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Evaluating Welfare Reform in an Era of Transition significant barriers to the availability of data for social welfare policy evaluation. As these issues begin to be addressed on many fronts, the panel emphasizes the need for data linkages in welfare program evaluations and encourages steps to remove barriers to data access. Recommendation 5.10 Confidentiality, privacy, and access concerns with administrative and survey data and the linking of multiple data sets are important issues, but are currently serving as a barrier to socially important evaluation of welfare reform programs. The importance of access to these data for monitoring and evaluation of programs should be emphasized and efforts to reduce these data access barriers while protecting privacy and maintaining confidentiality should be expanded. PROGRAM DESCRIPTION DATA Another type of data that are crucial for social welfare program evaluation are program description data, or descriptions of the TANF and related programs that states have adopted and are operating. The importance of such data for evaluation seems obvious—programs cannot be compared if the rules of the programs are not known. Yet as the panel stated in its interim report, good program description data on post-PRWORA state and local programs were slow to develop. This lack of data has been a major limitation for welfare reform evaluation, especially for cross-state monitoring and evaluation. In relation to monitoring the low-income population on a national level, it is important to know what the different state programs are so that national surveys can ask respondents the right questions about the program benefits they receive. Nonexperimental methods of evaluating the overall effect of welfare reform and of broad components of reform rely on fairly detailed program description data for both TANF policies and other related non-TANF policies in states and localities so that these variables can be included in models to control for the different policies that apply to each case. Program description data need to cover programs in effect during the entire study period. For national-level evaluations, program description data are needed from every state and for every locality within states for which different rules apply. For state-level evaluations, program description data are needed for a given state only, unless different localities within the state have different policies. The federal government’s efforts to collect program description data are, thus far, limited. States are required to provide summaries of their state TANF programs every 2 years in order to receive block grants. The first collection was in 1997 and the second in 1999. States are given general guidance on what to report, but there are no specific requirements. As a result, the level of detail that the states have provided about the programs varies greatly. These state summa-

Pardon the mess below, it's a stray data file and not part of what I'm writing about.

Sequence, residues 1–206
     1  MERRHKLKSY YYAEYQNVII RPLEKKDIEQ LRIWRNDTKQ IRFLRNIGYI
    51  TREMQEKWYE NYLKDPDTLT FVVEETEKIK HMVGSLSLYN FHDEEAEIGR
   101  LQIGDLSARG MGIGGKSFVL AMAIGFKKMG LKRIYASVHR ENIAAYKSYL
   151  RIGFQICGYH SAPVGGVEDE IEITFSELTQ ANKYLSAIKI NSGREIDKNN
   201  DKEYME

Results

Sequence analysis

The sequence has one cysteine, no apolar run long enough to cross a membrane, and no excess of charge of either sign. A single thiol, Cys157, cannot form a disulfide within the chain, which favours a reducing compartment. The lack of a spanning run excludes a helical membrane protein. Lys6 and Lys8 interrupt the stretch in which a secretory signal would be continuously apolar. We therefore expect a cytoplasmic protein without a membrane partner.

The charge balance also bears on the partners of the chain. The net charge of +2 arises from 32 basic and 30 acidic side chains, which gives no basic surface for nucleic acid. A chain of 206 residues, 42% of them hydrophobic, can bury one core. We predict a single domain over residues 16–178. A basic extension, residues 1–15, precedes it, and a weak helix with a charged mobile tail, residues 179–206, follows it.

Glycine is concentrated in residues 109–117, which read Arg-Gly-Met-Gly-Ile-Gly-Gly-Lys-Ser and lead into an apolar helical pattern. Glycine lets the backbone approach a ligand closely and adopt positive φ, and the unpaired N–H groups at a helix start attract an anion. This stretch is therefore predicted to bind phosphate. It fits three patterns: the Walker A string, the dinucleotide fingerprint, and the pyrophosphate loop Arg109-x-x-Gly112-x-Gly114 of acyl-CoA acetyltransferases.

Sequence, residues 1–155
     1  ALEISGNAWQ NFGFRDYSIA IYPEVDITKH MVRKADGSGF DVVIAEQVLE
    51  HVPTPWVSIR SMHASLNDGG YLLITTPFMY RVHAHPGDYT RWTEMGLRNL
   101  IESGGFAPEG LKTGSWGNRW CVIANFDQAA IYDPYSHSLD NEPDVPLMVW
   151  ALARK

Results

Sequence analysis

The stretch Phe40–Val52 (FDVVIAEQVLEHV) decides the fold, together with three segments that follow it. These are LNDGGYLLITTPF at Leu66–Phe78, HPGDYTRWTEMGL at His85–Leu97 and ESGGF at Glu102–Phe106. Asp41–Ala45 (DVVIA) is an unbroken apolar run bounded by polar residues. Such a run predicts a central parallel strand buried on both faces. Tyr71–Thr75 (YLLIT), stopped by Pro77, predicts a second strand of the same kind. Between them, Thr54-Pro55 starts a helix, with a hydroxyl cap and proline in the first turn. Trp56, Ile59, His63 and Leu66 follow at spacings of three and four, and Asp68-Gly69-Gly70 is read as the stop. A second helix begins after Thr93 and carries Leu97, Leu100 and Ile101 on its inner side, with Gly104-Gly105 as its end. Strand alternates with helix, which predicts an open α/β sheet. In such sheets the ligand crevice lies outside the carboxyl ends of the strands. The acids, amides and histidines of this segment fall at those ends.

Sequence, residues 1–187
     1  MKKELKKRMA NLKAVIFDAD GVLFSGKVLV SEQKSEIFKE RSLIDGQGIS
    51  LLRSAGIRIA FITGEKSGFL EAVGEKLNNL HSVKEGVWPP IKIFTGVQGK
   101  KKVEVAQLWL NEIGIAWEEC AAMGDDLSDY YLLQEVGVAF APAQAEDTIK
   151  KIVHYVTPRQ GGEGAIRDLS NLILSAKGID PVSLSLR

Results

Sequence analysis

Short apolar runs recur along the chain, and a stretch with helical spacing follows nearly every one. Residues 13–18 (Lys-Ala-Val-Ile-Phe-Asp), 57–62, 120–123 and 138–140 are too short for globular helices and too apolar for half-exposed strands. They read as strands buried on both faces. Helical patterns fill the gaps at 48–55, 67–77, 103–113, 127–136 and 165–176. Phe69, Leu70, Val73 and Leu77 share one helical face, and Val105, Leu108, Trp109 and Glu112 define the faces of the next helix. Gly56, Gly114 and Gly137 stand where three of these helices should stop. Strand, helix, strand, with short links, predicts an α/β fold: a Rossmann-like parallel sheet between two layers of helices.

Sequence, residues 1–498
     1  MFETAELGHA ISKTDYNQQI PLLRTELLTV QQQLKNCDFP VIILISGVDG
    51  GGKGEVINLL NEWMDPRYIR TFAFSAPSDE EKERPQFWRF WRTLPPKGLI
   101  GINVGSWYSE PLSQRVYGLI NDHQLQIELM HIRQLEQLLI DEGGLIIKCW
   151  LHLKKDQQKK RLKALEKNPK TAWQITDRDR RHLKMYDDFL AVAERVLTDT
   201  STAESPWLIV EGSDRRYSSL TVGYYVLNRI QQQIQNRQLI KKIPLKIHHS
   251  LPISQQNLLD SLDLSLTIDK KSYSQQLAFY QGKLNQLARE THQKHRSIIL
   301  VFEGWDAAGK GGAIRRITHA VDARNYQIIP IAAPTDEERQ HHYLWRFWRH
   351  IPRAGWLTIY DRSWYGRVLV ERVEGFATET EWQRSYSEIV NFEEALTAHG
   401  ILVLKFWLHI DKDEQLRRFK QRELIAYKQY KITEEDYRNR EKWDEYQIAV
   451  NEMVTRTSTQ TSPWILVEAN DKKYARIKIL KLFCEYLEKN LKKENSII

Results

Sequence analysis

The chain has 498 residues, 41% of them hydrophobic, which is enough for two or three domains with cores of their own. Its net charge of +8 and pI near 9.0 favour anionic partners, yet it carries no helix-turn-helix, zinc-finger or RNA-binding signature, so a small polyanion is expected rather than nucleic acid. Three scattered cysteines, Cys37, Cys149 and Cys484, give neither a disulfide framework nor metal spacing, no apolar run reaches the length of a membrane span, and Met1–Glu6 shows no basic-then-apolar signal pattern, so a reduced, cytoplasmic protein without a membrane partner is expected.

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Evaluating Welfare Reform in an Era of Transition ries are just now being organized so that they can be made accessible to the public. Aside from the state plans required to be reported to DHHS every 2 years, there are several efforts under way to document state policies and practices (see Chapter 2). The most comprehensive effort has been conducted by the Urban Institute as part of their Assessing the New Federalism Initiative. This database is the most comprehensive in time documenting rules from 1996–2000. It includes data on eligibility rules, asset rules, benefit levels, work activity requirements, time limits, sanction policies, behavioral requirements, and child support requirements. The data have been coded to be more readily usable in quantitative analyses and are publicly available (see http://www.wrd.urban.org). The 2000 round was sponsored by ACF and current plans call for updates in 2001 and 2002. In another effort, the Center for Law and Social Policy and the Center for Budget and Policy Priorities are jointly collecting information on state TANF and Medicaid policies. Currently, this database includes information on state policies regarding: TANF applications, cash diversion programs, emergency assistance, categorical and financial eligibility rules, family cap policies, minor living arrangement provisions, school and training requirements for minors, abstinence education programs, and Medicaid (see http://www.spdp.org). This information was collected for legislation enacted before and updated through 1998. In the future, information about time limits, work activities and requirements, sanction provisions, child care assistance, child support, and drug-related provisions will be included in the database. While this database contains some information not included in the Urban Institute database, it does not cover the full time frame since PRWORA that the Urban Institute database does. The Congressional Research Service (CRS) has also used state TANF plans reported to DHHS-ACF to produce reports summarizing state program rules on different topics. For example, the last summarized key features of state TANF programs, such as: treatment of earnings and savings, welfare diversion, work requirements, personal responsibility plans, division of the welfare caseload, and benefit levels (Burke et al., 1999). Every 6 months states are surveyed to collect information about financial eligibility and benefit determination rules in effect. The last update includes rules in effect through January 2000 (Abbey et al., 2000), and future updates of this report are also planned. Finally, the CRS has a continuing series of reports called Cash and Noncash Benefits for Persons with Limited Income that covers over 80 federal programs that serve low-income people that is produced every other year. The latest version was produced in 1999 (Burke et al., 1999), and another version is due in late 2001. It may seem that all these ongoing efforts to collect TANF program description data would translate into sufficient, even redundant, program description data, but this is not the case. Most of these data collection efforts are not conducted on a regular basis and do not cover the entire time frame of interest. Only the Urban Institute database comprehensively covers programs and changes in